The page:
Story Of January Lunar Eclipse
Taken by Petr Horálek on January 31, 2018 @ Ko Samui, Lamai Beach, Thailand
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The latest total lunar eclipse, on Jan. 31st, 2018, was really colorful. The full Moon spent about 76 minutes in the Earth’s shadow, allowing me some experiments focused on revealing the colors of scattered solar light on the lunar surface. I was lucky that for the totality was (almost) clear skies over Lamai beach, the Ko Samui island (Thailand) so here come some „portraits“ of the eclipse’s story in the starry sky. Using Canon 6D, Rubinar 1100mm/f10.5 on Vixen GP-2 mount, I captured the Moon every 4 minutes while moving in the shadow, and also the stars around in during the maximum eclipse. The resultant mosaic then shows real changes of the colors and illumination of the Moon on its path in the shadow.

Many observers around the world, including me, also reported „rainbow“ colors of the Moon at the beginning and before the end of the totality. Indeed, the typical orange-red color with a „turquoise“ tint on lunar edge close to the edge of the Earth shadow, made this eclipse very colorful. In fact, it is caused by effect of our ozone. When you think of a lunar eclipse, the color that comes to mind is red. The core of Earth’s shadow is reddened by atmospheric scattering, and when that shadow falls across the Moon, the lunar landscape turns as red as a sunset. However, light passing through the upper stratosphere penetrates the ozone layer, which absorbs red light and actually makes the passing light ray bluer. This can be seen as a turquoise-blue fringe around the red (see more on archive, 2nd February 2018). And I can only confirm that the phenomenon was easily visible to the naked eyes. What a wonderful experience!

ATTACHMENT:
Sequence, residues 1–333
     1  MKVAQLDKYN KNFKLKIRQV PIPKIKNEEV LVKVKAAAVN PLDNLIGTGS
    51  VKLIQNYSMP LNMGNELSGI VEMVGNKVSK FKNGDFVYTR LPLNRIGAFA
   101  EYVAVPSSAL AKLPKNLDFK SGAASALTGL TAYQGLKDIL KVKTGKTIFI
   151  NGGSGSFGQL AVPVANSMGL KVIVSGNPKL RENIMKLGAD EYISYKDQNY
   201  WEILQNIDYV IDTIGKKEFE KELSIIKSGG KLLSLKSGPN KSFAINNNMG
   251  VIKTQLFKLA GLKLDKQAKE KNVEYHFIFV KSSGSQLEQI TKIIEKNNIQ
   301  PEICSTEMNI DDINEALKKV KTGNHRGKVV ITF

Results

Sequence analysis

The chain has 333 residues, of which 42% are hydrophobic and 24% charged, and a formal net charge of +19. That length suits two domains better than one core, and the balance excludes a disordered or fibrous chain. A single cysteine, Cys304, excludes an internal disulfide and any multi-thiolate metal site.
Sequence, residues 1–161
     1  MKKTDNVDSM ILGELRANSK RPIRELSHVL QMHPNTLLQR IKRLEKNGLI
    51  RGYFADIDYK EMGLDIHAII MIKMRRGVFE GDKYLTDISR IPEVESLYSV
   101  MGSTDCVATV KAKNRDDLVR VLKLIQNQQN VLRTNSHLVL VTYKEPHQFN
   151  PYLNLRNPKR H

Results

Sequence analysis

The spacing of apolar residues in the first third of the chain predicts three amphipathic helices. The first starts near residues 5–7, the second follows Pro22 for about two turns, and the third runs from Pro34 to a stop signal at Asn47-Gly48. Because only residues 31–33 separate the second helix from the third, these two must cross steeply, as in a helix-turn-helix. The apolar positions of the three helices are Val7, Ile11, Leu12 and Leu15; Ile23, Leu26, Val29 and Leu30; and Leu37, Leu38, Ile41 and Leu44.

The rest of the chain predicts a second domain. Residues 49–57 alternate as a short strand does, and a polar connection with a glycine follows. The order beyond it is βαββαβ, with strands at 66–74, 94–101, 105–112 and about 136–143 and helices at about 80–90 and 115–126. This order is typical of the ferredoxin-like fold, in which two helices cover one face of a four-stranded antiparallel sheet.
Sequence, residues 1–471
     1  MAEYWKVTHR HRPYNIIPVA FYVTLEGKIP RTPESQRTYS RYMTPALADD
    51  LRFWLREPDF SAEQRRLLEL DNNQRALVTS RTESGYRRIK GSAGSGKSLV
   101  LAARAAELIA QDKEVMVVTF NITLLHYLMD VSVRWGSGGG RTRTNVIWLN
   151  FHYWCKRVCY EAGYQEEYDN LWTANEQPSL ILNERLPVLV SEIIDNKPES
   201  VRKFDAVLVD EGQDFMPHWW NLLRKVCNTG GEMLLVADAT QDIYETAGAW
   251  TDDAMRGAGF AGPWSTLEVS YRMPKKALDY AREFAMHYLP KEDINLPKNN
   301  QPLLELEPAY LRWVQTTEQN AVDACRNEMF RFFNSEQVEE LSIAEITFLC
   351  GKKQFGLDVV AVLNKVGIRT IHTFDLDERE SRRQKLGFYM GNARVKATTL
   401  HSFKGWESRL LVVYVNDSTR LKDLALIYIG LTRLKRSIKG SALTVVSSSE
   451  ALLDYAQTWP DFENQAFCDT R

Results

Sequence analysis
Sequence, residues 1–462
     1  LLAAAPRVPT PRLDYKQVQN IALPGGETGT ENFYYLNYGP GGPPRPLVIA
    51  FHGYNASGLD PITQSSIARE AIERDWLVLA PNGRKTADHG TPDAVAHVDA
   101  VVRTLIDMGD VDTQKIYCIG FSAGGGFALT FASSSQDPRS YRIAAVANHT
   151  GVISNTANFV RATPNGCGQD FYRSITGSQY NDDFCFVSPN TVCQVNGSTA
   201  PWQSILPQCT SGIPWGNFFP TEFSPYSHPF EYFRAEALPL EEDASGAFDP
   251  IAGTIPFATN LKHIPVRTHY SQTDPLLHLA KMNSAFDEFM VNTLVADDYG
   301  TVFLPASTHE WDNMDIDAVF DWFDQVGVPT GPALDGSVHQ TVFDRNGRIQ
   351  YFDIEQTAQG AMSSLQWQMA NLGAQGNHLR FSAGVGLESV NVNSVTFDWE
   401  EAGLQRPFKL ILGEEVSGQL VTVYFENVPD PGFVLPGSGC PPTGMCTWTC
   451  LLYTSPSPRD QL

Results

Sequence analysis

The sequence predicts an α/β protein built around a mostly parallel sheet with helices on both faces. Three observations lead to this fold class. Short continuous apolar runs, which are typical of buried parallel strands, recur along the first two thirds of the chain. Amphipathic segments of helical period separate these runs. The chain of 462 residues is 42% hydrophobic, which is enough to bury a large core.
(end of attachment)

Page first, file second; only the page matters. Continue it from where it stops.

And for the closure, I also have a nice personal story to this particular eclipse. When I was young, just kid interested in astronomy, I was told by my teacher of astronomical course, in the Pardubice observatory, that a total lunar eclipse supposed to be visible in the night. It was night 20-21 January 2000, sky was crystally clear and, with my friend, we decided to watch the phenomenon from roof of public garages behind his home. With his brand new telescope, the Chrismas present, my friend allowed me to watch spectacular moonrise and we both were excited of what should happen next. But as I wrote, I was a kid and didn’t ask for the most important question – when exactly the eclipse started. Well, you probably see what happened next. Later that night, my mother found me on the roof of the garage and sent me home to go sleep as the next day I had to go to school. And I didn’t see that eclipse at all. And the very next day my friend told me the eclipse really occured, just very soon in the morning over Pardubice, before daybreak. How sad I was… Until now. I have just realized this eclipse I observed over the Thailand, was the next one of SAROS period since year 2000. Well, I finally saw it…

And in case you are interested, the next one of this period SAROS will occur on February 2036, perfectly visible over Europe…

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